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From 2-bit to 3D - the History of Video Games

August 7th, 2013 Games

In the ever-evolving world of technology, video games are commonplace - nearly every living room, dorm room and bedroom has some sort of console hooked up to a television. It's not rare to see the blinking red and green lights of a Playstation 3 or Xbox 360 on a television stand. Video game technology has evolved rapidly and its history is a brief yet exciting one.

Humble beginnings

The first video game invented was the work of William A. Higinbotham in 1958, who worked in a nuclear research laboratory and came up with a rough simulation of tennis, according to DesignBoom.com. With some assistance, Higinbotham built the machine in less than three weeks.

Later, in 1961, there was a group of friends at the Massachusetts Institute of Technology, comprised of Wayne Witanen, J. Martin Graetz and Steve Russel, who came up with the concept for a game called Space War, in which two outlined objects dubbed the Needle and the Wedge would shoot missiles at one another.

In-home games

Video games became a household item in 1975, when the creators of the game Pong (Bob Brown and Harold Lee) came up with the idea of the game being repackaged and sold so normal people could buy it and play it on their televisions. They took out an additional $10 million loan and sold it under Sears' brand for $100. Pong was a phenomenal success and people rushed to the department store to purchase their own consoles.

According to Time Magazine, Atari predicted that multi-player systems were the future for video games. The game company began working on a console that used cartridges and dubbed the project Stella. Eventually, they came up with Atari VCS, also known as Atari 2600. With the financial backing of Warner Communications, it was released to the public in 1977. It enjoyed a great success and people everywhere played Space Invaders, Breakout and Missile Command in the comfort of their own homes.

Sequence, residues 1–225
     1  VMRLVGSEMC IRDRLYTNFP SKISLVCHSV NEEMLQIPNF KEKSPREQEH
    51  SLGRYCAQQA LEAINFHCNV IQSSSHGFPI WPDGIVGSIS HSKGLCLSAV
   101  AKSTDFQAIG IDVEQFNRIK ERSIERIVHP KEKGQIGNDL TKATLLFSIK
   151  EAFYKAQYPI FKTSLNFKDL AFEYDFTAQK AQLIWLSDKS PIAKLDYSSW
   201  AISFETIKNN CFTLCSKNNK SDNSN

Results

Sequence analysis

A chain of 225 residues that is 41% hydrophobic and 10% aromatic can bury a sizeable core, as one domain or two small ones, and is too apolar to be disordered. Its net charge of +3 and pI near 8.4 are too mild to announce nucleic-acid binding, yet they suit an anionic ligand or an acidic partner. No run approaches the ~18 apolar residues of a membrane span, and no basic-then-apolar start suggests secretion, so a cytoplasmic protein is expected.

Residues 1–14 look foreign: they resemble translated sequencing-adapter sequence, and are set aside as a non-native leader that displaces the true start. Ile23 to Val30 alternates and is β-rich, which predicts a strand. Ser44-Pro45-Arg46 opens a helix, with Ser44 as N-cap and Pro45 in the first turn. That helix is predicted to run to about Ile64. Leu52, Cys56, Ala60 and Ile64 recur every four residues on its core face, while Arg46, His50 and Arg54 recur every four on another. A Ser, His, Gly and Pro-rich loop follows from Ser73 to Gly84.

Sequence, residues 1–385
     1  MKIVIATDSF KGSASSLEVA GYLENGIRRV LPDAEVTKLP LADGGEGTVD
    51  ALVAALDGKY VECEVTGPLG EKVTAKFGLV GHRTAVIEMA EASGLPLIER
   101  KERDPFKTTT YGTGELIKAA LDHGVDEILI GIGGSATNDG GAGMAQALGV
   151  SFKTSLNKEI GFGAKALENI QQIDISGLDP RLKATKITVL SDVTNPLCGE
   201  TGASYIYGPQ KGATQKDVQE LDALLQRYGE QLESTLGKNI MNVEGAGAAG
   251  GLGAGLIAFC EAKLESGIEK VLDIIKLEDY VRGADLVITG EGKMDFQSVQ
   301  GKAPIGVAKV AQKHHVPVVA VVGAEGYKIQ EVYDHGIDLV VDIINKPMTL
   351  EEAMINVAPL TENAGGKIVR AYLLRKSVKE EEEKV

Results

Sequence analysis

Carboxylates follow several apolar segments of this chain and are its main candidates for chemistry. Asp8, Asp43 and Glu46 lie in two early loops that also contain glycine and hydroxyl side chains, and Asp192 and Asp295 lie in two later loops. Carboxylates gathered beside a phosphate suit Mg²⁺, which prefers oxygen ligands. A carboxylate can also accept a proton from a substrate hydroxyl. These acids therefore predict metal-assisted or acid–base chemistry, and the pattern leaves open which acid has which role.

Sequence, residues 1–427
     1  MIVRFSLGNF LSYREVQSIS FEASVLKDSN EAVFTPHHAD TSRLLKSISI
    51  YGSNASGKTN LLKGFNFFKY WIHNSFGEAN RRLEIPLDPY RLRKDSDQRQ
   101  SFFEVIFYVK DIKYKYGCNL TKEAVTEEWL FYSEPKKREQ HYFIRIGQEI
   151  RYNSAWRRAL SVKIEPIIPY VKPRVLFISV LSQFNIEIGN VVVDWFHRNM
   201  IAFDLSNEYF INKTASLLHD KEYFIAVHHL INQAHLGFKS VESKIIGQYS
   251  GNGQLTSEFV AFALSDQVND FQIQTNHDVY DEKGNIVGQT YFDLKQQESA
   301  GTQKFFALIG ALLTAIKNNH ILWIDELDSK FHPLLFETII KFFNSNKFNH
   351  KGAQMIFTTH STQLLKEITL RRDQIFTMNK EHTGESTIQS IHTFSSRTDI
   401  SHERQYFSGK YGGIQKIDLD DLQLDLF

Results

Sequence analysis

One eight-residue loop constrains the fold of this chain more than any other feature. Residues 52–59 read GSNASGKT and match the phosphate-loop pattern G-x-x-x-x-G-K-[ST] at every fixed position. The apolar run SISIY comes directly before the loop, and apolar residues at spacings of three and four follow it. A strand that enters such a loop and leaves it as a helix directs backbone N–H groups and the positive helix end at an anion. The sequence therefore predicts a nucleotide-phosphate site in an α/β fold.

Soon afterward, Nintendo came out with the Nintendo Entertainment System in 1985. Other companies under licensing agreements developed games such as Contra and Final Fantasy, and along with the company's in-house games like Super Mario Brothers and The Legend of Zelda, Nintendo was a major success story.

Rapid improvement

Video games became even more accessible and the technology experienced a rapid improvement. The portable Game Boy was released by Nintendo in 1989, and the gaming company struck a chord with the public once again.

Also, in that same year, Sega Genesis was released. The sleek black system, according to Time, used 16-bit technology and, like its predecessors, it made large profits. Two years later, the Super Nintendo system came out. It beat out Genesis in sales, and the battle for improved technology continued.

Over the next two decades, video game systems became more intricate with better graphics, controllers that used joysticks and buttons and characters that no longer just moved along the X and Y axis, but could go forward and backward in the Z axis as well. Microsoft soon joined the video game battle with its Xbox after Sega's Dreamcast failed.

Nintendo's last console effort was the Wii, which uses wireless controllers that allow you to simulate real life movements. Xbox and Sony's Playstation 3 are the industry leaders. While the graphics have improved, so has the interactivity - today it's not just two people, but a whole world connected via internet.